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The prevalence of cardiovascular disease risk factors and the Framingham Risk Score in patients undergoing percutaneous intervention over the last 17 years by gender: time-trend analysis from the Mayo Clinic PCI Registry


Lee, M S; Flammer, A J; Kim, H S; Hong, J Y; Li, J; Lennon, R J; Lerman, A (2014). The prevalence of cardiovascular disease risk factors and the Framingham Risk Score in patients undergoing percutaneous intervention over the last 17 years by gender: time-trend analysis from the Mayo Clinic PCI Registry. Journal of Preventive Medicine and Public Health, 47(4):216-229.

Abstract

OBJECTIVES: This study aims to investigate trends of cardiovascular disease (CVD) risk factor profiles over 17 years in percutaneous coronary intervention (PCI) patients at the Mayo Clinic. METHODS: We performed a time-trend analysis within the Mayo Clinic PCI Registry from 1994 to 2010. Results were the incidence and prevalence of CVD risk factors as estimate by the Framingham risk score. RESULTS: Between 1994 and 2010, 25 519 patients underwent a PCI. During the time assessed, the mean age at PCI became older, but the gender distribution did not change. A significant trend towards higher body mass index and more prevalent hypercholesterolemia, hypertension, and diabetes was found over time. The prevalence of current smokers remained unchanged. The prevalence of ever-smokers decreased among males, but increased among females. However, overall CVD risk according to the Framingham risk score (FRS) and 10-year CVD risk significantly decreased. The use of most of medications elevated from 1994 to 2010, except for beta-blockers and angiotensin converting enzyme inhibitors decreased after 2007 and 2006 in both baseline and discharge, respectively. CONCLUSIONS: Most of the major risk factors improved and the FRS and 10-year CVD risk declined in this population of PCI patients. However, obesity, history of hypercholesterolemia, hypertension, diabetes, and medication use increased substantially. Improvements to blood pressure and lipid profile management because of medication use may have influenced the positive trends.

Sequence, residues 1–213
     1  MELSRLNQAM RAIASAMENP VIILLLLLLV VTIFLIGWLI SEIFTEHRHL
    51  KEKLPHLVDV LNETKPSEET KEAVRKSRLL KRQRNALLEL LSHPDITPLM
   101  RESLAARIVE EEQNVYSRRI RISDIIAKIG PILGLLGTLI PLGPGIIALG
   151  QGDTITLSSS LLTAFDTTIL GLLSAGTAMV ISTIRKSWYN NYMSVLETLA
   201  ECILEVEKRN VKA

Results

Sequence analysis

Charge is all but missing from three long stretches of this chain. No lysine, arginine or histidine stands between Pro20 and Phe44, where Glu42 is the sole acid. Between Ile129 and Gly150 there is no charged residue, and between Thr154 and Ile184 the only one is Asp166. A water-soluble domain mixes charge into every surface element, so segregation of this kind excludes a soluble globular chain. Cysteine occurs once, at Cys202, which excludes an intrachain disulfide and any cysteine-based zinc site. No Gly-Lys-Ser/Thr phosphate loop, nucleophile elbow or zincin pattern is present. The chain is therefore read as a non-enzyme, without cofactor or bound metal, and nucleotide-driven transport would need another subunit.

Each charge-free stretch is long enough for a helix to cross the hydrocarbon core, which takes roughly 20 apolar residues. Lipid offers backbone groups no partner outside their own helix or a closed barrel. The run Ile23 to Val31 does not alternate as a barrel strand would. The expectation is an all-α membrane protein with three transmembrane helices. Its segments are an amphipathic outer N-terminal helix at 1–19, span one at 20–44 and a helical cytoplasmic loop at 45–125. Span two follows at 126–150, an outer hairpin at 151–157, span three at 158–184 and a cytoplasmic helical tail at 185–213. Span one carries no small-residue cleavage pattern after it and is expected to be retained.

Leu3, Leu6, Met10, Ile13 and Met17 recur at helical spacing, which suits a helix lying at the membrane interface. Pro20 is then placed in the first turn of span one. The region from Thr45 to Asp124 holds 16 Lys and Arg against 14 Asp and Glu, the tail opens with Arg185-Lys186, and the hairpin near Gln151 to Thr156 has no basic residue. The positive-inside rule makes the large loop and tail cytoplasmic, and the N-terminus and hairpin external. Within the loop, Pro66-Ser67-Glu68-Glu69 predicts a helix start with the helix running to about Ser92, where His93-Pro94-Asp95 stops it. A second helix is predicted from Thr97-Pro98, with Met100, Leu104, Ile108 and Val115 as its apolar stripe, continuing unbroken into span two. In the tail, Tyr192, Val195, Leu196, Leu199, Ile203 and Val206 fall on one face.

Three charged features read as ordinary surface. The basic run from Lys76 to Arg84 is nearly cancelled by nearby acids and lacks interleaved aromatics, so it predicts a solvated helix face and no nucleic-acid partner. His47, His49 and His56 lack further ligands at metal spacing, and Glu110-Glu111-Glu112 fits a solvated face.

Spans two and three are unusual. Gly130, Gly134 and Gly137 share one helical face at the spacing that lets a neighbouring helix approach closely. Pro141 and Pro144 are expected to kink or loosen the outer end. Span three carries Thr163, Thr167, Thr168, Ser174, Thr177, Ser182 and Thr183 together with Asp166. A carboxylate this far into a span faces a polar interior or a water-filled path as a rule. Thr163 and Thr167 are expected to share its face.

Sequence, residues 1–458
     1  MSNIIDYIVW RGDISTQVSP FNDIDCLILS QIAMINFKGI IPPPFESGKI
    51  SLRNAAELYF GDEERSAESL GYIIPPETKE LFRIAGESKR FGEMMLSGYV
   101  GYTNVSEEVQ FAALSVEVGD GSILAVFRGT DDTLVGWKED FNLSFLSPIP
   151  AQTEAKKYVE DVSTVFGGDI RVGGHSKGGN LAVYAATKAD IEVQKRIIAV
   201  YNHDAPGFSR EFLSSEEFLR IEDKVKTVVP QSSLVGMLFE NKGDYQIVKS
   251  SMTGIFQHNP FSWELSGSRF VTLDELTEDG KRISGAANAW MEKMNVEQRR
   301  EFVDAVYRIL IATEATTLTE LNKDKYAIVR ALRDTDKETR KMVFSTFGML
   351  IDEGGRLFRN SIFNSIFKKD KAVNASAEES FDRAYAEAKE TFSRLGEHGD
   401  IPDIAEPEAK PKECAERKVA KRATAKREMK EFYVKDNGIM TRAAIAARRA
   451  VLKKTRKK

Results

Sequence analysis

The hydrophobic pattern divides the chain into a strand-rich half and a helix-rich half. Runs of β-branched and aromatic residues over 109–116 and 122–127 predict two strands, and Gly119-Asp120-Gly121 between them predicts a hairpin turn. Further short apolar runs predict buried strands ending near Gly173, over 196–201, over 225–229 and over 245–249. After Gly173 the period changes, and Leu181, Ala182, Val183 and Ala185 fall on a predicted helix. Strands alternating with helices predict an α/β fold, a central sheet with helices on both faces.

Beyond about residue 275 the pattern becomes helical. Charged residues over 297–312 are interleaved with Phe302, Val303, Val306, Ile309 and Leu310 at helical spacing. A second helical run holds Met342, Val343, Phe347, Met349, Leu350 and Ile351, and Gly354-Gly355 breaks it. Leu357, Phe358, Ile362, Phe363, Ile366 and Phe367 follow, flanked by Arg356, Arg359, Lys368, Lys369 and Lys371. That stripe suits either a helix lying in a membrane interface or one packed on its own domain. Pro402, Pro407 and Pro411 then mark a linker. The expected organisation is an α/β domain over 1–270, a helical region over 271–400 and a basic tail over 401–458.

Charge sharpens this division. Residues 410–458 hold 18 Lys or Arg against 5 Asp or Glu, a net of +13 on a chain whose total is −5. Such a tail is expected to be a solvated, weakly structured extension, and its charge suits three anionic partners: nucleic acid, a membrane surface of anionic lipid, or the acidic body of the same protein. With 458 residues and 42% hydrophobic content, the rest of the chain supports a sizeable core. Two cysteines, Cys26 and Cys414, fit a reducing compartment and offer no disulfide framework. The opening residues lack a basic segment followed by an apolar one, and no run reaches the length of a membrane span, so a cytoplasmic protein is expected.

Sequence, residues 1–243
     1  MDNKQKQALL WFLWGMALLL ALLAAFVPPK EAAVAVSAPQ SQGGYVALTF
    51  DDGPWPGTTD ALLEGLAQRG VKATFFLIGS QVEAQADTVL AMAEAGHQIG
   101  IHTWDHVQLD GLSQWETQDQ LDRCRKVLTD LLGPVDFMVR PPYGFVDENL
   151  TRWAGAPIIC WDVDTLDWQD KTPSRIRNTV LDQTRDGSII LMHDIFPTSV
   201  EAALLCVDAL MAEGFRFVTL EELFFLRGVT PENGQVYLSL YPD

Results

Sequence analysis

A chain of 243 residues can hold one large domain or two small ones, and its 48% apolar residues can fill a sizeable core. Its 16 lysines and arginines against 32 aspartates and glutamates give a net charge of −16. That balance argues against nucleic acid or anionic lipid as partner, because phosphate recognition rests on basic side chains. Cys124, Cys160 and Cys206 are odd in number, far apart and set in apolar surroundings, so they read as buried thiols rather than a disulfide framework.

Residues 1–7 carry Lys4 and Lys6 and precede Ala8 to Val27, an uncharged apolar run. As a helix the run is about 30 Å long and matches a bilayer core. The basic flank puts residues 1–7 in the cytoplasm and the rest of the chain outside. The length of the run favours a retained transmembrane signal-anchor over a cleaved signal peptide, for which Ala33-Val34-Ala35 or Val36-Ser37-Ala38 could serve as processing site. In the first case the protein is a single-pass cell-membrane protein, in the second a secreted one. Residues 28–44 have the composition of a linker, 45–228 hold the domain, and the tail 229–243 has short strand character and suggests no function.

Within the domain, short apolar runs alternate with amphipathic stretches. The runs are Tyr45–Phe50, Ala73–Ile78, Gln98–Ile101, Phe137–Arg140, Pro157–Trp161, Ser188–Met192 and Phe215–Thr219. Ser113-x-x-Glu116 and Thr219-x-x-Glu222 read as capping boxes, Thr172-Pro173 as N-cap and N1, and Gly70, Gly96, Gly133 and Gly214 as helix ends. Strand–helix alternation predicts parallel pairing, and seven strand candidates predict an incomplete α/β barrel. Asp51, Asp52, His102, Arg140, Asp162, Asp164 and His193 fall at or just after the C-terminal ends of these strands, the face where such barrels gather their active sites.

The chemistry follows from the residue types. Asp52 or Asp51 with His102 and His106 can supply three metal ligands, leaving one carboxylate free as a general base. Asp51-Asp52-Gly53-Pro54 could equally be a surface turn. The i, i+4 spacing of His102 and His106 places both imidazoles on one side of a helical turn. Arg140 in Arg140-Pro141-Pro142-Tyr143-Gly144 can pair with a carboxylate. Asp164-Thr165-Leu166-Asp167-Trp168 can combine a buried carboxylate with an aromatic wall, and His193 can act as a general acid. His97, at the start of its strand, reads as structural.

OBJECTIVES: This study aims to investigate trends of cardiovascular disease (CVD) risk factor profiles over 17 years in percutaneous coronary intervention (PCI) patients at the Mayo Clinic. METHODS: We performed a time-trend analysis within the Mayo Clinic PCI Registry from 1994 to 2010. Results were the incidence and prevalence of CVD risk factors as estimate by the Framingham risk score. RESULTS: Between 1994 and 2010, 25 519 patients underwent a PCI. During the time assessed, the mean age at PCI became older, but the gender distribution did not change. A significant trend towards higher body mass index and more prevalent hypercholesterolemia, hypertension, and diabetes was found over time. The prevalence of current smokers remained unchanged. The prevalence of ever-smokers decreased among males, but increased among females. However, overall CVD risk according to the Framingham risk score (FRS) and 10-year CVD risk significantly decreased. The use of most of medications elevated from 1994 to 2010, except for beta-blockers and angiotensin converting enzyme inhibitors decreased after 2007 and 2006 in both baseline and discharge, respectively. CONCLUSIONS: Most of the major risk factors improved and the FRS and 10-year CVD risk declined in this population of PCI patients. However, obesity, history of hypercholesterolemia, hypertension, diabetes, and medication use increased substantially. Improvements to blood pressure and lipid profile management because of medication use may have influenced the positive trends.

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Additional indexing

Item Type:Journal Article, refereed, original work
Communities & Collections:04 Faculty of Medicine > University Hospital Zurich > Clinic for Cardiology
Dewey Decimal Classification:610 Medicine & health
Language:English
Date:2014
Deposited On:12 Feb 2015 12:44
Last Modified:05 Apr 2016 18:55
Publisher:Korean Society for Preventive Medicine
ISSN:1975-8375
Free access at:Publisher DOI. An embargo period may apply.
Publisher DOI:https://doi.org/10.3961/jpmph.2014.47.4.216
PubMed ID:25139168
Permanent URL: https://doi.org/10.5167/uzh-106347

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